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MSA holds teach-in at Chapel to protest Islamophobia, DCR event 'The American Muslim Identity'

The Muslim Students Association held a teach-in protest in response to a campus event called "The American Muslim Identity" and, more broadly, against instances of Islamophobia and racism across the nation Monday. 

The teach-in was in response to an event co-sponsored by Duke College Republicans, Duke Political Union and Young Americans for Liberty that was being held on campus at the same time as the teach-in. The event, initially marketed under the title “The American Muslim Identity: Patriot or Insurgent?” was a Q&A with Zuhdi Jasser, a medical doctor and the president and founder of the American Islamic Forum for Democracy. The Alexander Hamilton Society had originally co-sponsored the event, but revoked its sponsorship.

MSA was displeased with both the title of the event and the event's speaker—voicing concerns about Jasser’s support of discriminatory surveillance against American Muslim communities and President Donald Trump’s travel ban.

“When I first heard about this event, I was angry but not surprised," said junior Sanjidah Ahmed, head of MSA’s Social Justice Committee. "This racist binary [patriot or insurgent] is representative of conversations taking place across the political spectrum."

Ahmed said that MSA was intervening to help community members unlearn the racist language this country has taught them. 

"Islamophobia is not a private issue, but is first and foremost a state project," Ahmed said.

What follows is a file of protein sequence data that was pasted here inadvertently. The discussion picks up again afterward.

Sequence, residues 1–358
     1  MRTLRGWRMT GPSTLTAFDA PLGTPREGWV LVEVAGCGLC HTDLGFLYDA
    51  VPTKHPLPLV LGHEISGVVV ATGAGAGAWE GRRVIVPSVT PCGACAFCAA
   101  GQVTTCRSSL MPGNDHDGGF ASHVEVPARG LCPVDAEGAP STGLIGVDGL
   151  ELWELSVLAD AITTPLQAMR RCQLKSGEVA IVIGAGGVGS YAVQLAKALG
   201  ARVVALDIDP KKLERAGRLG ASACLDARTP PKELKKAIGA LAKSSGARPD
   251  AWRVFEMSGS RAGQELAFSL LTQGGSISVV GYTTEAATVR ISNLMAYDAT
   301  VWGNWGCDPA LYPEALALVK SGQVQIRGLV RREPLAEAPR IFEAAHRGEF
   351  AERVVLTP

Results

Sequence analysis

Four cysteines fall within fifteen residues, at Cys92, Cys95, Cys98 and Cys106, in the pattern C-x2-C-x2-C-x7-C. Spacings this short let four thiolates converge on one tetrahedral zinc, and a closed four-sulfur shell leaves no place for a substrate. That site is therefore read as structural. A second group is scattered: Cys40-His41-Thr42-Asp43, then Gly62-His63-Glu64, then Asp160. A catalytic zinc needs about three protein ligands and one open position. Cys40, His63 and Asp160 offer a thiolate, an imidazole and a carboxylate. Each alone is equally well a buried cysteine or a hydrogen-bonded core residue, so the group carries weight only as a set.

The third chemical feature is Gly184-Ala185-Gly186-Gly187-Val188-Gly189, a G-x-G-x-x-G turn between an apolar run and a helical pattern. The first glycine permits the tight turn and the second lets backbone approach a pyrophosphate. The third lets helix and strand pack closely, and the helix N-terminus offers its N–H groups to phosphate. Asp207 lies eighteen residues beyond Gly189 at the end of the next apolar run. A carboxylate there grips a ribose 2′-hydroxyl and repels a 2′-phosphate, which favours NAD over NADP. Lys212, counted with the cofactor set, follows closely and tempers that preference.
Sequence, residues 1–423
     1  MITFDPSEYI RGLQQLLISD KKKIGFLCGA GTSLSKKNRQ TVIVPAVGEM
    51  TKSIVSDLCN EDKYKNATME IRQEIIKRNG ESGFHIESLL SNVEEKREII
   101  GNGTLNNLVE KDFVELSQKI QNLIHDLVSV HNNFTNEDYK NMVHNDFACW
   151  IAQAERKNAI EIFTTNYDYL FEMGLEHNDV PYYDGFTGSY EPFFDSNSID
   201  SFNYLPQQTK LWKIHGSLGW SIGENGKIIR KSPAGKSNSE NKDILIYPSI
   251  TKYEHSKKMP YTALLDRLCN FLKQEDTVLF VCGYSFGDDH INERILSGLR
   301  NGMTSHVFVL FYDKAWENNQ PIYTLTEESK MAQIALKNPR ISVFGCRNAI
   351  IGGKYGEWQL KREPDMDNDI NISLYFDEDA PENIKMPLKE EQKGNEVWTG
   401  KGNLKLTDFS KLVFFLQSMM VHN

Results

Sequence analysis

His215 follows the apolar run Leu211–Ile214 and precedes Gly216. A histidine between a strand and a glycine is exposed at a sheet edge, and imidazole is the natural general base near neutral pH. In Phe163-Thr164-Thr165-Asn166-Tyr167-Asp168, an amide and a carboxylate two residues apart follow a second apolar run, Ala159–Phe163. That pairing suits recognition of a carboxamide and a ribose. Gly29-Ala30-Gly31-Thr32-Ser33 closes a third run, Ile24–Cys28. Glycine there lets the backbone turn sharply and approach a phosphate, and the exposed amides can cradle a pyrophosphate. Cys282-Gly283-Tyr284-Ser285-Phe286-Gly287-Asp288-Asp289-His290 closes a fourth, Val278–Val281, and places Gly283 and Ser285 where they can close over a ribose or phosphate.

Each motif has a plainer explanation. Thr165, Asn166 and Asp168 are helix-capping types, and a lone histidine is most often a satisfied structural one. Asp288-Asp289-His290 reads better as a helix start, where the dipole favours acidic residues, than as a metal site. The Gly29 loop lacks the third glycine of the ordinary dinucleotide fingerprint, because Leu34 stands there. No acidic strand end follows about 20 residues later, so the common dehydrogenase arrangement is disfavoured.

Haleema Welji, lecturing fellow in the Thompson Writing Program, explained that in the wake of 9/11, media, television and film all began an interesting trend of balancing a bad Muslim character with a good Muslim character. Welji said that though the purpose of this pairing was to allow programs to appear nonviolent and claim they are multicultural, Muslims felt the brunt of their violence. 

“The distinguishing feature around the discourse of this pairing is that all Muslims appear to be bad until they prove their allegiance to the U.S. nation,” Welji said. 

Welji said this pairing is harmful in three ways. First, she believes it is problematic that Muslims must prove their allegiance to the United States in order to be accepted. Second, she noted that in a country that prides itself on freedom of speech, Muslims feel as if they must censor their speech, believing they must sound as pure and patriotic as possible. 

Lastly, and most importantly, this pairing creates a dichotomy between a good Muslim and a bad Muslim that sheds doubts and suspicions on all Muslims, she argued. 

Welji asked the audience a question in the context of the event the teach-in was protesting—“Are all Muslims patriots or insurgents?” 

Senior Jazmynne Williams said that blatant Islamophobia is driven by the belief that Muslims only fit into two groups—a view she believes lacks both analysis and basic understanding. The meanings of Islam are as diverse as its followers, she said. 

Williams said she had her first experience with Islamophobia in the fourth grade, when a friend was not allowed to invite her to a sleepover because she was Muslim. Ever since then, Williams said she believed her life has been marked by these experiences. 

Senior Razan Idris expanded upon Williams' remarks regarding discrimination towards Muslims by discussing a common slur Muslims face—being called an Islamist. Idris said that today, the government harbors a notion that Islamists are terrorists waiting to attack. This notion has led the government to justify views that all Muslims should be surveilled.

“Other religious groups on campus would be horrified if they had cops in their churches or synagogues,” Idris said. “But for Muslims, this is a reality.” 

Idris says that accusations made against Muslims today are similar to those made against Catholics at the turn of the century. Although people used to worry that Catholics were more loyal to the pope than the United States, people today worry that Muslims are more loyal to their faith than the United States.

“If we can be painted as a threat, then it is supposedly justified to ban us, to threaten us and to bomb us,” Ahmed said, “The government can package their actions as self-defense.”

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